Reviewer Ursini stated: “It is clear we are dealing with a hidden prohibitionism when authors conclude their abstract with a sentence (obviously not scientific) saying that if you believe that alcohol is good for your heart you drink more (and presumably should expect more health problems). What can be the relevance of this for the general population and the community of experts? I’m more convinced every day that there must be an ‘ethical commitment’ rather than just ‘scientific data’ behind many publications.”
Reviewer Barrett-Connor commented: “It is clear that from the way the text is written that the authors do not believe that alcohol is good for you. It would have been nice to have known how many of the participating authors think of alcohol as a drug that should be avoided, possibly altogether. Clearly there is a bias in the authors which I think would lead to respondents’ bias. This is the most problematic aspect for the understanding of this study; in other words, those who do not believe that alcohol can have benefits when used in moderate doses would presumably have been more likely to have responded to the questionnaire.
”However, I think the article was interesting in that it demonstrated where people get their medical information from—the lay press.” Added Forum member Mattivi: “It is not too surprising that people get information from the lay press. The population has little access to scientific/technical data that are published for ordinary folk, and are very unlikely or unable to read the full text from scientific journals. Even skilled researchers sometimes tend to be poorly informed about complex scientific issues, and some citations in this paper seem a good example of that. In the real scientific world (not that of the media), the truth is not black or white, or simple or comfortable.”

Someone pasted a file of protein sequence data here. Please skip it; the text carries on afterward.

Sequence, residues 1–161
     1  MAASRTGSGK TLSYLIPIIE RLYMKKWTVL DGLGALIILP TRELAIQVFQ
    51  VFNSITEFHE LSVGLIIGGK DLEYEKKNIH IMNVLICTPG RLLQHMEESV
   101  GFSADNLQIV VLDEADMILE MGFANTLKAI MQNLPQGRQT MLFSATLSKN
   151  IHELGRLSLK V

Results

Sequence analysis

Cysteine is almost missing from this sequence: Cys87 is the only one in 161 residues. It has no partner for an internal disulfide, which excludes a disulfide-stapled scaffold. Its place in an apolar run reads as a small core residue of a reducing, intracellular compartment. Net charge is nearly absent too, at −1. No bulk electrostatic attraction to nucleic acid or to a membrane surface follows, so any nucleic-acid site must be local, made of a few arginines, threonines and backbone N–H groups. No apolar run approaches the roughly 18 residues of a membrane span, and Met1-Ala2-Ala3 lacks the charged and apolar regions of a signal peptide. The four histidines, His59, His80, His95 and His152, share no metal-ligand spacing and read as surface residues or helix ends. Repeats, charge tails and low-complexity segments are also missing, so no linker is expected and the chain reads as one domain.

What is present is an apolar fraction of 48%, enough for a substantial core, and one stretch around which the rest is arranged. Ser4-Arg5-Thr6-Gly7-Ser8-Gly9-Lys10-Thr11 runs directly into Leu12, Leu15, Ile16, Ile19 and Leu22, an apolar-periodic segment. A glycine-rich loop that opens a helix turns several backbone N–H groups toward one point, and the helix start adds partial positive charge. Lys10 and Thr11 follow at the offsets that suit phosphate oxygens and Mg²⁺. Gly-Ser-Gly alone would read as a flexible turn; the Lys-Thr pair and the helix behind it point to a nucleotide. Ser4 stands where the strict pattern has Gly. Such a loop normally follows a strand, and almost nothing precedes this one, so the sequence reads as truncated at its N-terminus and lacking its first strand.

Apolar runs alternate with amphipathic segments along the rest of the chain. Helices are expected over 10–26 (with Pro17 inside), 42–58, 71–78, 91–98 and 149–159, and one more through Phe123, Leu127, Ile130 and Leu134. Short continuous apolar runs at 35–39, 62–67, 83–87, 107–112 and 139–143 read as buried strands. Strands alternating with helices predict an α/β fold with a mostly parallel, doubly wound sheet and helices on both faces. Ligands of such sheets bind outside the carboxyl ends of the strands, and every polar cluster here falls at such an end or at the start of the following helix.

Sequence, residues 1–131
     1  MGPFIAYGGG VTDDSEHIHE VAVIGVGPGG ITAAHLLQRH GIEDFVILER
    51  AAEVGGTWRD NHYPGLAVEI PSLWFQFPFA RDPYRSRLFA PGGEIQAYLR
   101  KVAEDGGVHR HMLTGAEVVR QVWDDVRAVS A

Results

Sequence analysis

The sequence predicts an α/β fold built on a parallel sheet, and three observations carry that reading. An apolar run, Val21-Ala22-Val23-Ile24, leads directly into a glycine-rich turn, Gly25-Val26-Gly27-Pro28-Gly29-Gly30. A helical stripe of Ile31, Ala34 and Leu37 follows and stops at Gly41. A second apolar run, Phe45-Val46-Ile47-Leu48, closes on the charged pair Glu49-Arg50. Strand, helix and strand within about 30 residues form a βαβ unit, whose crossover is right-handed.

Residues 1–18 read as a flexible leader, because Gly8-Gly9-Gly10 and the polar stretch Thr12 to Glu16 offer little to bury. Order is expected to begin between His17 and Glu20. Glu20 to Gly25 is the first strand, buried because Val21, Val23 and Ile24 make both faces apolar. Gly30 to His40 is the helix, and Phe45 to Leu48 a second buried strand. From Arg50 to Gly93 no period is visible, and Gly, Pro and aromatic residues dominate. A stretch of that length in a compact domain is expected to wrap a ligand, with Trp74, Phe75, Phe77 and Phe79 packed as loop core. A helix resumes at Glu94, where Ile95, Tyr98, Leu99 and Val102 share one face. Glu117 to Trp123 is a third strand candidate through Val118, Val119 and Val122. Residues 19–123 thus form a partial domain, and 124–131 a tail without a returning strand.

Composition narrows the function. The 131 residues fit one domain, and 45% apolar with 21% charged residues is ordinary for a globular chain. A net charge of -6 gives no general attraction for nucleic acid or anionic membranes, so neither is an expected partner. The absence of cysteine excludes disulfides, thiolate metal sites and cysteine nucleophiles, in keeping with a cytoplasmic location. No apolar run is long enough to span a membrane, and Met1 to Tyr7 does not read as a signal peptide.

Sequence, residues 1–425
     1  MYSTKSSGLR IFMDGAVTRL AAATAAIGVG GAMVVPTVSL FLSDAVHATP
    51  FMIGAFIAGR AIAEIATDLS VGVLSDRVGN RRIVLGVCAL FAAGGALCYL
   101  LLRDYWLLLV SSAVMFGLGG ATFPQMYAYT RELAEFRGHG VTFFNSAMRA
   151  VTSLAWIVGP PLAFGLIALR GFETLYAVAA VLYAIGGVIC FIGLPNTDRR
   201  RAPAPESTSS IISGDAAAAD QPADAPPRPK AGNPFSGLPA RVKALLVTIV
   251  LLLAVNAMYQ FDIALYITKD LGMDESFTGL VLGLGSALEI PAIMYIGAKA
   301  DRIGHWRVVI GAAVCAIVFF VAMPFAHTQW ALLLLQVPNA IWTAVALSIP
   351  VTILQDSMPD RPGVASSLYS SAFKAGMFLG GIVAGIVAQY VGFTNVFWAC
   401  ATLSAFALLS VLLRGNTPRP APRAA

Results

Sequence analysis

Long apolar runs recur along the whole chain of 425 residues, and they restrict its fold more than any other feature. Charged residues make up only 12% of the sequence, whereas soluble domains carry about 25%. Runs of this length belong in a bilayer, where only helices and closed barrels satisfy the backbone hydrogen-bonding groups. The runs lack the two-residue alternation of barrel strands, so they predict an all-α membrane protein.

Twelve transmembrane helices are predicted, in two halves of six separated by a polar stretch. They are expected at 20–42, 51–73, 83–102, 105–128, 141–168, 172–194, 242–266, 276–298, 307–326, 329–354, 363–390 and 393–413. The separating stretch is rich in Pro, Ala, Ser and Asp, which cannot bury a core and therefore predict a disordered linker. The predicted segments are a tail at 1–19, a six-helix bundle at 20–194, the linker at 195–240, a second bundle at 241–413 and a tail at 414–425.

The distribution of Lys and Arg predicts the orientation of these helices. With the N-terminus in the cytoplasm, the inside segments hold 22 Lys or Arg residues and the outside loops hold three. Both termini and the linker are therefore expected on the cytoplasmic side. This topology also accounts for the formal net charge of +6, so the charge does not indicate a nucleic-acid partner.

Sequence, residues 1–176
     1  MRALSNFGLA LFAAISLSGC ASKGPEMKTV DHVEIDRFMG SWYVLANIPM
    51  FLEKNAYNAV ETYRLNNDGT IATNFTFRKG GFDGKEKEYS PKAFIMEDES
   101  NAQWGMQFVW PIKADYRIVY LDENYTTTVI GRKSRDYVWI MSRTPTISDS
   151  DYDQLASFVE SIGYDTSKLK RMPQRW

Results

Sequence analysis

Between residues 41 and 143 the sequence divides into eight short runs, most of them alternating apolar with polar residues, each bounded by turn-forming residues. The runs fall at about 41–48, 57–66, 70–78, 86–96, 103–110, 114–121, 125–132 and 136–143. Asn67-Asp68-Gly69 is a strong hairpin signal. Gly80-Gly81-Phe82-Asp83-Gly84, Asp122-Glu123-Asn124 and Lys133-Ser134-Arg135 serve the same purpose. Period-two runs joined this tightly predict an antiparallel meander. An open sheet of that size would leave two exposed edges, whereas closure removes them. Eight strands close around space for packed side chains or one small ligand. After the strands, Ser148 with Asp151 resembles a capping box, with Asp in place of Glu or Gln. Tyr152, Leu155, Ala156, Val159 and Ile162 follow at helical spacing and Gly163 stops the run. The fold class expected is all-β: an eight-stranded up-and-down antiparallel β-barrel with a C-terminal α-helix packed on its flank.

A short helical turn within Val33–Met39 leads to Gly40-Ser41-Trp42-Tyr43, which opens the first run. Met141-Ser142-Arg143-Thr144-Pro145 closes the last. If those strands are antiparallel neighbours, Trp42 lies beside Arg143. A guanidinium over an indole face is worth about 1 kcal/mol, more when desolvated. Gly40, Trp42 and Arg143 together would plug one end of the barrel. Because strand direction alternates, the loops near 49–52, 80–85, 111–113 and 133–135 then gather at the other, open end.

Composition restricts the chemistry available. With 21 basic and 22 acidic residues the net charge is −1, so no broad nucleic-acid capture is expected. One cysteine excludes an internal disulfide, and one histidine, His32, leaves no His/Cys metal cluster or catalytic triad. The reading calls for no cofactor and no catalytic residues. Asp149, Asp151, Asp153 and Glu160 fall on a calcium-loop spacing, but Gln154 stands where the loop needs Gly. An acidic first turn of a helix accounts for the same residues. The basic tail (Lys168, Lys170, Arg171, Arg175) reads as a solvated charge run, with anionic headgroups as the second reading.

As pointed out by a number of reviewers, the Discussion in this paper suggests anti-alcohol sentiments of the authors which results in a gross misrepresentation of scientific evidence. The authors suggest that their survey results suggesting an ‘optimal level of ≤ 14 drinks/week’ (a level that was reported by 98% of their subjects) is too high. However, this level of drinking has been found in most studies to have the greatest health benefit, both in reducing heart diseases and overall mortality. In addition, this consumption rate is in accordance with the recommendations of most national agencies in North America and Europe.
Reviewer Ellison added: “Statements such as those suggesting that people who think it is heart healthy to consume alcohol are misinformed reinforces the clear impression that it is the authors who are apparently misinformed. Statements suggesting that perceptions that alcohol decreases heart disease are ‘premature or even eroneous’ and that such ‘misperceptions’ may affect behavior in an unhealthy manner further indicate that the authors are not basing thcir conclusions on sound scientific data.”
Forum member Goldfinger points out that “Different populations with different demographics may (obviously) present different perceptions on alcohol and health. Depending on the subjects recruited for such a survey, results could potentially present a dangerous misrepresentation of scientific data.” All Forum members agreed that data on this topic from a random sample of the population could be very informative.
References from Forum critique